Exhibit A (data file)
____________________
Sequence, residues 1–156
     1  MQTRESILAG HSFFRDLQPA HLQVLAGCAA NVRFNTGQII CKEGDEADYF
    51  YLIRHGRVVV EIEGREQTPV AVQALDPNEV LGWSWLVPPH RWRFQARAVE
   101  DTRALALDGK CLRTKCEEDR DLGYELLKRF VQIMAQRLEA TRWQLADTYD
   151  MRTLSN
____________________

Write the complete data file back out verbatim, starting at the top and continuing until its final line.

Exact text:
Sequence, residues 1–156
     1  MQTRESILAG HSFFRDLQPA HLQVLAGCAA NVRFNTGQII CKEGDEADYF
    51  YLIRHGRVVV EIEGREQTPV AVQALDPNEV LGWSWLVPPH RWRFQARAVE
   101  DTRALALDGK CLRTKCEEDR DLGYELLKRF VQIMAQRLEA TRWQLADTYD
   151  MRTLSN